But lest I give the impression that the Naxi are all formality and seriousness, they do have a colorful sense of humor and know how to have fun. This message was posted outside a local bar.



The Old Town of Lijiang

The Old Town is full of cobbled streets, crisscrossing canals flowing with water, swaying willows and gaily-hued blossoms. Walking the streets you see local folk in traditional dress, and every so often you encounter a picturesque arched bridge of flat stone.



While Lijiang has a good reputation among both Chinese and foreigners, it has become very commercial as tourism has developed. Middle class Hans showcase their children's designer Western wear as they stroll the streets.

Lijiang cuisine is a blend of Han Chinese and Tibetan styles. We particularly enjoyed the local fare, a "Naxi sandwich" with goat cheese and tomato between baba slices. For the more adventurous, deep-fried grasshoppers, dragonflies and other insects are also offered along with butter tea being a staple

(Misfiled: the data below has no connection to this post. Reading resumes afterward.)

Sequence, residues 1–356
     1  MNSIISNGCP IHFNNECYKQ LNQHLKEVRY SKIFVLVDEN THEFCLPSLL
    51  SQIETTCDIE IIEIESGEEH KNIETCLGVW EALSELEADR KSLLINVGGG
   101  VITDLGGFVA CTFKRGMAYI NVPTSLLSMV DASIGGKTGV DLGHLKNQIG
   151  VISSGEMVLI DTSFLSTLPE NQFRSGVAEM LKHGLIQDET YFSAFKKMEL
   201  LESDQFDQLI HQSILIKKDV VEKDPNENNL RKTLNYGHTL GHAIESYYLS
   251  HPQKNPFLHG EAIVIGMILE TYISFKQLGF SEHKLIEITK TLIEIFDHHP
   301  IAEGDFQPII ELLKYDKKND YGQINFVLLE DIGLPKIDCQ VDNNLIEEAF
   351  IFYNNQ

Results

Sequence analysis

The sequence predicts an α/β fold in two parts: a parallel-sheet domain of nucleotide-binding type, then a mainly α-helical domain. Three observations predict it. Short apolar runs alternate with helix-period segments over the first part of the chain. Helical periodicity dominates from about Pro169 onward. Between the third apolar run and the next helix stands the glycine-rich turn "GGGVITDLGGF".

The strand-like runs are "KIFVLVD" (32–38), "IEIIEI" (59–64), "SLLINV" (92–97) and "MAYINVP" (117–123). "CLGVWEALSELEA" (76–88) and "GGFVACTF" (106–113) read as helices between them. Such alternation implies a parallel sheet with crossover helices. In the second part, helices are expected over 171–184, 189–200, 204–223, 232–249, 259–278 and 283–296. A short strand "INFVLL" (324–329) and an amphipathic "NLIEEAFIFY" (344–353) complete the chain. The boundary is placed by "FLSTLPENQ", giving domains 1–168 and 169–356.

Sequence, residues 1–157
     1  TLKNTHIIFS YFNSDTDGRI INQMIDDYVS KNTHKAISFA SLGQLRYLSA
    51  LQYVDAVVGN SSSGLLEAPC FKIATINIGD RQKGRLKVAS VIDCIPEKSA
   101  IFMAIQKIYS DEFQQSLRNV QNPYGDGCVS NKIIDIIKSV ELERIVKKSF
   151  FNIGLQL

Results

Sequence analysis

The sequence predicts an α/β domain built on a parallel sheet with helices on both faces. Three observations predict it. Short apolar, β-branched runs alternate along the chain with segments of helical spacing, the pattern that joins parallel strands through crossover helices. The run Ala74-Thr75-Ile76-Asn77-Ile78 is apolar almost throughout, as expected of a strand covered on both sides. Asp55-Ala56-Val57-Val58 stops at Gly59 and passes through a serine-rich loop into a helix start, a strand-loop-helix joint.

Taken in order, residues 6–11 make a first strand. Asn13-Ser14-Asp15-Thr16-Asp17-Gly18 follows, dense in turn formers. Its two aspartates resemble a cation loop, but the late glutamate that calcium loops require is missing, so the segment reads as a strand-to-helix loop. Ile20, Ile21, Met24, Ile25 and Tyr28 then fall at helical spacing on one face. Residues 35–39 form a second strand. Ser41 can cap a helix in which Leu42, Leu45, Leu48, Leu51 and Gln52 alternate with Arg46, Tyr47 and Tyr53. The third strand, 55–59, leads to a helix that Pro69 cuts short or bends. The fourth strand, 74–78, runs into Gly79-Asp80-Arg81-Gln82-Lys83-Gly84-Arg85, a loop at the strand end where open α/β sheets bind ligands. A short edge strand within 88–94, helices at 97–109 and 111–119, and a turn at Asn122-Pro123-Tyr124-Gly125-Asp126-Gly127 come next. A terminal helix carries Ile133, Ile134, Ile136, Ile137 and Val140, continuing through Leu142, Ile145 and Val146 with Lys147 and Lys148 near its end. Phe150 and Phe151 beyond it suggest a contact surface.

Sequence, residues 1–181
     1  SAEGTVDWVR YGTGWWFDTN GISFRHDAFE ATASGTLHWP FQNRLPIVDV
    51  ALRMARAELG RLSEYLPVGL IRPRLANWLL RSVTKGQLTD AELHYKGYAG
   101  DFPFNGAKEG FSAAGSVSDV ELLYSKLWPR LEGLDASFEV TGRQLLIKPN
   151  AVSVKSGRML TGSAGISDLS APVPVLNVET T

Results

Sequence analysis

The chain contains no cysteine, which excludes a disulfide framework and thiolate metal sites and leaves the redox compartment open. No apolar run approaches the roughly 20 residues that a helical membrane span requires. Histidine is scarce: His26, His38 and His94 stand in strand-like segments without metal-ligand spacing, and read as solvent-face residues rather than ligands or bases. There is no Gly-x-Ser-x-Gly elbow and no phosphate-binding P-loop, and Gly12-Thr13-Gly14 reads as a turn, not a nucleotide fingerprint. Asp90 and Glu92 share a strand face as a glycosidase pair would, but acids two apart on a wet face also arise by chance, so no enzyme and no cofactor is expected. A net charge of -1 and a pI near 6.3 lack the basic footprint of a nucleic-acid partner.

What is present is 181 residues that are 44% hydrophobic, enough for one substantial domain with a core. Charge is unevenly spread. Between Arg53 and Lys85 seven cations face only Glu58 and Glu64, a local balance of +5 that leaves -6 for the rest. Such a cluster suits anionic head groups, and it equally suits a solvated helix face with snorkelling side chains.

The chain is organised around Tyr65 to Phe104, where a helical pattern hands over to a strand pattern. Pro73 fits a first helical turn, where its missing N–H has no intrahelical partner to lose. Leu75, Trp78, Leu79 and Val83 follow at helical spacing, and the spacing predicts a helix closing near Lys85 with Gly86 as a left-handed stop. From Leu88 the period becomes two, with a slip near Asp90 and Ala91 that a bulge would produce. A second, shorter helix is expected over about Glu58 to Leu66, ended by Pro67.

Getting Out Into The Countryside:

An interesting option to see another side of this busy destination is to rent bicycles and ride out into the countryside to visit various outlying villages rather than close by Jade Mountain, the Chinese equivalent of an Alpine ski resort. Jade Dragon Snow Mountain, nine miles from Lijiang, is a popular scenic spot for sightseeing, mountaineering, skiing, exploration and scientific research.

While flat tires on Chinese rental bicycles can limit distance covered, the attempt is worth experiencing the solitary countryside with its endless verdant fields traditionally tended by the occasional Naxi women and their horses. It's not a bad way to end a visit to China's best preserved ancient town.



*Post script: It is worth noting that the province of Yunnan is an earthquake zone with a 5.4 magnitude earthquake occurring as recently as on 10 March 2011, with its epicenter in Yingjiang County near the Burmese border. While a serious quake in 1996 caused serious damage in the area of Lijiang, and another quake occurred in 1999 shortly after this report was written, we have no reports of serious damage to Lijiang after the most recent 2011 event.

PHOTO CREDITS: Purchased, Wikipedia or Public Domain